DEERFIELD BEACH - You see a lot on the tracks –pedestrians carelessly crossing when a train is coming to cars going around the gates, sometimes ending tragically.
"You see it," said driver Margarita Median. "You see people actually take off and speed faster when the lever comes down. Of course, everybody goes around. It's scary."
According to the Associated Press, more than 60 people have been killed since Brightline first began running in mid-2017.
"You're literally taking your life in your hands when you are trying to race that gate and beat it," said US Rep. Debbie Wasserman Schultz.
With federal, state and local lawmakers on hand, Brightline is receiving money to make some big safety improvements. It includes a $25 million federal Raise Grant, $10 million from the Florida Department of transportation and $10 million from Brightline. Those improvements span seven counties from Miami-Dade to Brevard.
"The Raise Grant is going to make significant safety improvements that will save lives," said Miami-Dade Mayor Daniella Levine Cava.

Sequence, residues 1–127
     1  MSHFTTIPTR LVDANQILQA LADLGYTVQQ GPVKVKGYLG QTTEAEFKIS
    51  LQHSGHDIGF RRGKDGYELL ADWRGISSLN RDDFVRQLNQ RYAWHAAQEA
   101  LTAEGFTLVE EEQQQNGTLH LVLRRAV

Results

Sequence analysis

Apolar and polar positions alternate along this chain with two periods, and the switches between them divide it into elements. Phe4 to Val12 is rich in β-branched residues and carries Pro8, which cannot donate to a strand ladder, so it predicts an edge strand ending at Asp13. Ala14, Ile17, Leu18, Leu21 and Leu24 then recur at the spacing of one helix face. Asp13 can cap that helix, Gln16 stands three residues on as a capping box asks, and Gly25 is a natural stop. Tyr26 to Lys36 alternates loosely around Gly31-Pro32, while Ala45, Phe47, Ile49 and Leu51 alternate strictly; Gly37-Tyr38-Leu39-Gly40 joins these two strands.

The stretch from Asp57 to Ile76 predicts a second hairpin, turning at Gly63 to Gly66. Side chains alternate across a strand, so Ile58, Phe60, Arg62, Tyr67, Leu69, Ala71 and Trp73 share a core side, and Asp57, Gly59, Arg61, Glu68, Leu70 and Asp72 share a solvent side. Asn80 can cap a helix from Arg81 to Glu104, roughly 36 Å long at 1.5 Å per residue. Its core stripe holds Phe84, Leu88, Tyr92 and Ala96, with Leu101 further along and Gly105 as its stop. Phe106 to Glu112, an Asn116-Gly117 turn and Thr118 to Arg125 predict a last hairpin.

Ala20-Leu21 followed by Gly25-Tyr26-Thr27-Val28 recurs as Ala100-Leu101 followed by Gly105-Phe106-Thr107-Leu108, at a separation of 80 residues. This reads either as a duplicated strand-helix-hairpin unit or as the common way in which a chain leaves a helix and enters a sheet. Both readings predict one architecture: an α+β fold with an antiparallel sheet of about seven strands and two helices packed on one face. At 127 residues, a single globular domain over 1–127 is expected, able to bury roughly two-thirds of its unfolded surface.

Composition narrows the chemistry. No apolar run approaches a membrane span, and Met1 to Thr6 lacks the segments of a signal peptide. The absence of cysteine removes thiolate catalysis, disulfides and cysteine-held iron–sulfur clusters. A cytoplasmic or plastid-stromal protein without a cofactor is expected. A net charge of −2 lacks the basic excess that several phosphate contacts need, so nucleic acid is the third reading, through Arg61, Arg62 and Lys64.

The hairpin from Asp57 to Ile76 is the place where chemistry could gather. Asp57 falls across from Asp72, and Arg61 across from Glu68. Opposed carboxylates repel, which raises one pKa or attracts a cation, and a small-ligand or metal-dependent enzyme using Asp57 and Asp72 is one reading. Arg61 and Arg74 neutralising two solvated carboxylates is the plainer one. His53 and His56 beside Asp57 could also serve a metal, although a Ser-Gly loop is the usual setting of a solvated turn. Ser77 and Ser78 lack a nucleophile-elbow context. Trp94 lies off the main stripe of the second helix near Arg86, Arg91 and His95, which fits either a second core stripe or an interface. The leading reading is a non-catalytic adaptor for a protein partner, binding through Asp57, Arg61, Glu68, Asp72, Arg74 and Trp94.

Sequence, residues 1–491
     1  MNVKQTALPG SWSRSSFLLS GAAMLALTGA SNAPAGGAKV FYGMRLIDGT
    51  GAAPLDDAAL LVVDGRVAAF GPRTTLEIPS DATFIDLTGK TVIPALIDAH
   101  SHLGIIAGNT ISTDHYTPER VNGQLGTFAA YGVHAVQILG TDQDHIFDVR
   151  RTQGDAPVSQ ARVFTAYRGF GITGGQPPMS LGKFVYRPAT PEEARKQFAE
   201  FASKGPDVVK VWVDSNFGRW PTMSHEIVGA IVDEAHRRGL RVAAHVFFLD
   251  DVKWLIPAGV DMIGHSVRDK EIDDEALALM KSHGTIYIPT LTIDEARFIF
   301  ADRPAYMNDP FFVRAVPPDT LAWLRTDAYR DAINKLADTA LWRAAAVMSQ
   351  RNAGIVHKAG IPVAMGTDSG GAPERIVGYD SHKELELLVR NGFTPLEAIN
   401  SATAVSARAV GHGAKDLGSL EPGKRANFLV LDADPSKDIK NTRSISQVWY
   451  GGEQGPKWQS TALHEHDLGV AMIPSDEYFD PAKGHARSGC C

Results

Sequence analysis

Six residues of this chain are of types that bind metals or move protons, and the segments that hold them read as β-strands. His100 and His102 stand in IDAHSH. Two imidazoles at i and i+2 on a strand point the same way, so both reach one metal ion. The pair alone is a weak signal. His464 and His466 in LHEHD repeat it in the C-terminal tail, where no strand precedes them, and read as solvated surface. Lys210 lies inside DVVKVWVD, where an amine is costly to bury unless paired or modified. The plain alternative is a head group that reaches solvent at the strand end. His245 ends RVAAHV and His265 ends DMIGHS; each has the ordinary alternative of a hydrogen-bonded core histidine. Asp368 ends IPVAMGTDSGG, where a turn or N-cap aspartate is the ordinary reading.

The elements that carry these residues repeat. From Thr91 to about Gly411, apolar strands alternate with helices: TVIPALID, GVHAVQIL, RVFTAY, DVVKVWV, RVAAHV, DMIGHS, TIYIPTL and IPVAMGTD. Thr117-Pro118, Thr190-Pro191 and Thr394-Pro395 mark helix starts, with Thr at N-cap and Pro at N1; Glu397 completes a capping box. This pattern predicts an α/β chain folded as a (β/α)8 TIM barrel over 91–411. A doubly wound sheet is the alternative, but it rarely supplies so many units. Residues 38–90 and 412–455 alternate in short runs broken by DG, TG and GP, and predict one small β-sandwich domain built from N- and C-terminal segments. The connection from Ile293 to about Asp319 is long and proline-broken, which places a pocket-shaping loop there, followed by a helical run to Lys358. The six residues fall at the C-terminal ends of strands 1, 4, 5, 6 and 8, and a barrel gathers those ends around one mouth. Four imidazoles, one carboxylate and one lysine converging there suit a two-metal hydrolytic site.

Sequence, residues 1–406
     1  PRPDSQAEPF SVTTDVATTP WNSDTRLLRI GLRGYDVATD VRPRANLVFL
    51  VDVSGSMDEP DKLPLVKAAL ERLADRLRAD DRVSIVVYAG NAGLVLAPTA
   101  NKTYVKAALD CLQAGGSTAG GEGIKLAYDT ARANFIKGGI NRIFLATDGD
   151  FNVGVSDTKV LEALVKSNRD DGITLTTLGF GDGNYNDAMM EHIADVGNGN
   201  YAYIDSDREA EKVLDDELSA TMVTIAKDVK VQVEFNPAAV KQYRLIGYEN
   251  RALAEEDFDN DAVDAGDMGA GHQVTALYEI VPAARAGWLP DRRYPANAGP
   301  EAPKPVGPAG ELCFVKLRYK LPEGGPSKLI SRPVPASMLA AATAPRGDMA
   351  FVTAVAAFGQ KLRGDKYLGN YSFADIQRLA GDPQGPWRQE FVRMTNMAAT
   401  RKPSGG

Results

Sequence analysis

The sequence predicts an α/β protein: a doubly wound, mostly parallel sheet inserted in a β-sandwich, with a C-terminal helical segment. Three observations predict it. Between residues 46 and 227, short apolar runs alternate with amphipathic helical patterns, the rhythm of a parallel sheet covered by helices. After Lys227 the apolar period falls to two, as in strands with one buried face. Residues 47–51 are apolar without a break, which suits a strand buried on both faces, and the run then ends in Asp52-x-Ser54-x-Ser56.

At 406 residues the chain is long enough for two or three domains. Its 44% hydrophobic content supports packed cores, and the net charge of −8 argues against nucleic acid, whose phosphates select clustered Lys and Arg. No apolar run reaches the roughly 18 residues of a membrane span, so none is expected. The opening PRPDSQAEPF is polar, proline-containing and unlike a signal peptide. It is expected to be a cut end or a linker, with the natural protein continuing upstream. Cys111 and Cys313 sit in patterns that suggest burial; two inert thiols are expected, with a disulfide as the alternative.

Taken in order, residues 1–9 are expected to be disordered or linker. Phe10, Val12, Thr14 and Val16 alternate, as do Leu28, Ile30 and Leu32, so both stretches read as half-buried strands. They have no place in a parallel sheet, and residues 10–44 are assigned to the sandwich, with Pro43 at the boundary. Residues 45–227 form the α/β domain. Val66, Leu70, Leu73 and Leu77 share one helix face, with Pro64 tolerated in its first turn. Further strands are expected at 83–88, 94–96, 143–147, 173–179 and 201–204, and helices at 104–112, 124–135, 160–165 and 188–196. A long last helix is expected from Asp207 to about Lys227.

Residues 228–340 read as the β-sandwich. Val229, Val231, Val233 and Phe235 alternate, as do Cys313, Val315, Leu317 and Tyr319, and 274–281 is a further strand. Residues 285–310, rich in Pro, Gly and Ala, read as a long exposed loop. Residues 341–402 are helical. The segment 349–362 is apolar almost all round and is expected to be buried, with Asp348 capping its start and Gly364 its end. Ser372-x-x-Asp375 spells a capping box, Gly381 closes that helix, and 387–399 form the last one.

You'll see things like plastic poles placed between traffic lanes at crossings. They're there so cars can't go around the gate.
"The problem is the people that try to run the crossings," said Bill, a driver who did not want to give his last name. "As far as having those things there, maybe it'll slow them down. You know how it is on 95, all of them are plowed over from people running over them."
You'll also see 33 miles of fencing stopping people from walking across the tracks at unmarked areas. And many crossings will get a paint job on the road called Dynamic Envelopes.
"The Dynamic Envelopes are sort of like, have you ever seen an intersection that has been painted that say 'stay out of the box?' It's the same concept. These are specifically designed for rail crossings so people don't stop in that box," said Brightline President Patrick Goddard.
The plan is also to put up 150 warning signs and 170 suicide crisis hotline signs. The goal of all this is more safety at rail crossings.
"When you see these train gates come down, you are not going to beat a train, do not try, don't do it. Be safe, be smart," urged Broward Mayor Michael Udine.
Brightline said the safety improvements should be completed next year.
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